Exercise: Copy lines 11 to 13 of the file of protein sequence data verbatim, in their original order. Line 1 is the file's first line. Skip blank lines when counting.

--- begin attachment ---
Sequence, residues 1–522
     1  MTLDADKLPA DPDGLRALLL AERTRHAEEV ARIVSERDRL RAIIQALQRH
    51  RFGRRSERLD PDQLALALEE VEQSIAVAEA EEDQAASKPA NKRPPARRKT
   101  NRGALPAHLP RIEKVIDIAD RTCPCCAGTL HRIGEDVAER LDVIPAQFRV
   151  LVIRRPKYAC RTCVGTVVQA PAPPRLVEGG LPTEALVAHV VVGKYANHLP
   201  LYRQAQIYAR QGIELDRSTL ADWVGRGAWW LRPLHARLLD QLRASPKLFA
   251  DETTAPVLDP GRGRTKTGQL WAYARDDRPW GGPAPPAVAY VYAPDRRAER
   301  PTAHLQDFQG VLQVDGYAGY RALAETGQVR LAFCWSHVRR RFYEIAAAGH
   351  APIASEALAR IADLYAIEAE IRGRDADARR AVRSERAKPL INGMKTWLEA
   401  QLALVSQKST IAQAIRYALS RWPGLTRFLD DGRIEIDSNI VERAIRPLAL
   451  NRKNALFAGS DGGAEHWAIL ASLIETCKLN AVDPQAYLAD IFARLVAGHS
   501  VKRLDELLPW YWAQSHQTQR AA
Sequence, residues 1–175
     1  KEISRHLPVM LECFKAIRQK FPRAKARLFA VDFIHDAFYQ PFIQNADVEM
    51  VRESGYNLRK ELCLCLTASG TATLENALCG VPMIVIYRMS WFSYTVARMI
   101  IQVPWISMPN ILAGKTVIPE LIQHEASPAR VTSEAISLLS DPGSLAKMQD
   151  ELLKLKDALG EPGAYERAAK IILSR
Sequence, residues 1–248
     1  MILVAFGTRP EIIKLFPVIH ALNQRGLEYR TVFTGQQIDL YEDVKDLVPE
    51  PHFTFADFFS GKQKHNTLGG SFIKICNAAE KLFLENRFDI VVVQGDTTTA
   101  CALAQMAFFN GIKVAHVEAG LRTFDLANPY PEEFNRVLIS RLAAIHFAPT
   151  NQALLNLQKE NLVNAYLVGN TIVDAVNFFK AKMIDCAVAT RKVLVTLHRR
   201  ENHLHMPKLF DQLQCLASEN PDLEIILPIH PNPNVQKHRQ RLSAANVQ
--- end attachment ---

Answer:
   451  NRKNALFAGS DGGAEHWAIL ASLIETCKLN AVDPQAYLAD IFARLVAGHS
   501  VKRLDELLPW YWAQSHQTQR AA
Sequence, residues 1–175